Dozens killed, many wounded in Istanbul nightclub ‘terror attack’

Turkish police block the road leading to the scene of an attack in Istanbul, early Sunday, Jan. 1, 2017. (Depo Photos via AP)
Updated 01 January 2017
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Dozens killed, many wounded in Istanbul nightclub ‘terror attack’

ISTANBUL: Thirty-nine people, including many foreigners, were killed when a gunman reportedly dressed as Santa Claus stormed an Istanbul nightclub as revellers were celebrating the New Year, the latest carnage to rock Turkey after a bloody 2016.
The assailant shot dead a policeman and a civilian at the entrance to the Reina club, one of the city’s most exclusive nightspots, and then went on a shooting rampage inside, Turkish officials said.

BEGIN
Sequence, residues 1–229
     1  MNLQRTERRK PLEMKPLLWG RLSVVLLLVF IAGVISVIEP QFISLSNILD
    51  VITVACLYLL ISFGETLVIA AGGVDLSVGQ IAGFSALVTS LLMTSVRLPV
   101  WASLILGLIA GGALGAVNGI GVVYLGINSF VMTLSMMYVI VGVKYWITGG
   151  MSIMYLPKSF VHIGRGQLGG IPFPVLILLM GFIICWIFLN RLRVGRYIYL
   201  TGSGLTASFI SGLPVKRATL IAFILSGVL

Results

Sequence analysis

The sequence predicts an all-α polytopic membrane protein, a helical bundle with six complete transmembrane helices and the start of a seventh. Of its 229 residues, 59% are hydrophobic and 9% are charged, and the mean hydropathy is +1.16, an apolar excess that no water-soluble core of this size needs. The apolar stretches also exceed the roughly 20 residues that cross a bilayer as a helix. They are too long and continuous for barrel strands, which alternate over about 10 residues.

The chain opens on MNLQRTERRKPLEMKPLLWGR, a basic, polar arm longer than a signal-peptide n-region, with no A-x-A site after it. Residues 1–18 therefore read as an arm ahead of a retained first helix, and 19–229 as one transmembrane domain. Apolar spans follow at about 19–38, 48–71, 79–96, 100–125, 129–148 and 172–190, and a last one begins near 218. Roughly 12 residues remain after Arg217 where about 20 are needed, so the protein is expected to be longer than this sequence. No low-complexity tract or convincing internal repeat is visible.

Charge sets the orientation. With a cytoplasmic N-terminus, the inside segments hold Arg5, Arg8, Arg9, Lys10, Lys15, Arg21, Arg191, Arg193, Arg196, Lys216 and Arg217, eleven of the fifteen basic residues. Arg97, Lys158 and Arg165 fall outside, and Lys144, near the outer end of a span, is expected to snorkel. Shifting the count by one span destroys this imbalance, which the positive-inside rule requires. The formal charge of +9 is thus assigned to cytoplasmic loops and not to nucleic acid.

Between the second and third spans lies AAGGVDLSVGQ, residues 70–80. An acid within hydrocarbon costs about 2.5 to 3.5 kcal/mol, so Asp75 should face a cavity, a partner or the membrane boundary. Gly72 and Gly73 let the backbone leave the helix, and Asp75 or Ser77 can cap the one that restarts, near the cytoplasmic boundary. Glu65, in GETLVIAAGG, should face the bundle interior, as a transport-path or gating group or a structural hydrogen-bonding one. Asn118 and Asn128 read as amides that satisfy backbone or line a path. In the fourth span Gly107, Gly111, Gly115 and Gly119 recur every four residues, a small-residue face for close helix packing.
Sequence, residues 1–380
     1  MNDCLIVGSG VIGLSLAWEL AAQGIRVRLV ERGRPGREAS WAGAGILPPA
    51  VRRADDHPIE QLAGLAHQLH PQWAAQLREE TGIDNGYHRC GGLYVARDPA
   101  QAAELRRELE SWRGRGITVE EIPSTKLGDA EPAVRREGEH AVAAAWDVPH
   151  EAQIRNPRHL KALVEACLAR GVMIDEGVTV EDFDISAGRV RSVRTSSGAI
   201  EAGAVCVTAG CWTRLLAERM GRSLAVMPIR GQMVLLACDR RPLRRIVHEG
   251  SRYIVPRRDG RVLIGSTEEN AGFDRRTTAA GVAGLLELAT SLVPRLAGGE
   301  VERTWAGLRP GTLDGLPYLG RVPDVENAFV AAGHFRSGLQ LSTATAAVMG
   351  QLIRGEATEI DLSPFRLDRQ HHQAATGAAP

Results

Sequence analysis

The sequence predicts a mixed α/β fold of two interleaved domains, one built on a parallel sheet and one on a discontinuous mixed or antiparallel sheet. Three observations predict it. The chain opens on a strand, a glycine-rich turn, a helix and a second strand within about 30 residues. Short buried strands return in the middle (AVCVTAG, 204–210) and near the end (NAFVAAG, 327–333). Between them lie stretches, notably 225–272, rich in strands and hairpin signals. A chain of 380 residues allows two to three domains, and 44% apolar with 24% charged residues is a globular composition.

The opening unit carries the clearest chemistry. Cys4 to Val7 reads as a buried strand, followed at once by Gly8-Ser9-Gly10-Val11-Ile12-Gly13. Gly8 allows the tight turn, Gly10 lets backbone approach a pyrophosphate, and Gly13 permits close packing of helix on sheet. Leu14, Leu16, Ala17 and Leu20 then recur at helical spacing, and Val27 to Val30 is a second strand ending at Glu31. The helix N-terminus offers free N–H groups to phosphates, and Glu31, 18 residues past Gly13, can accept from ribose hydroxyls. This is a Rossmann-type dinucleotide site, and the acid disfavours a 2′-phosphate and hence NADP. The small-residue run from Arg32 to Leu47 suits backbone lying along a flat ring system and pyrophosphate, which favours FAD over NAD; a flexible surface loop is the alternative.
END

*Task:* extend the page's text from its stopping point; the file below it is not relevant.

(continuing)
Interior Minister Suleyman Soylu said the attacker escaped and was now the target of a major manhunt, expressing hope the suspect “would be captured soon.”
Soylu said in televised comments that of 21 victims who have been identified so far, 16 are foreigners and five are Turks. Another 69 people are being treated in hospital.
“The attacker — in the most brutal and merciless way — targeted innocent people who had only come here to celebrate the New Year and have fun,” Istanbul governor Vasip Sahin said at the scene on the shores of the Bosphorus.
Many revellers threw themselves into the water in panic and efforts were under way to rescue them, NTV television said.
Dogan news agency said there were two gunmen dressed in Santa Claus outfits, although this has yet to be confirmed.
Television pictures showed party-goers — including men in suits and women in cocktail dresses — emerging from the nightclub in a state of shock.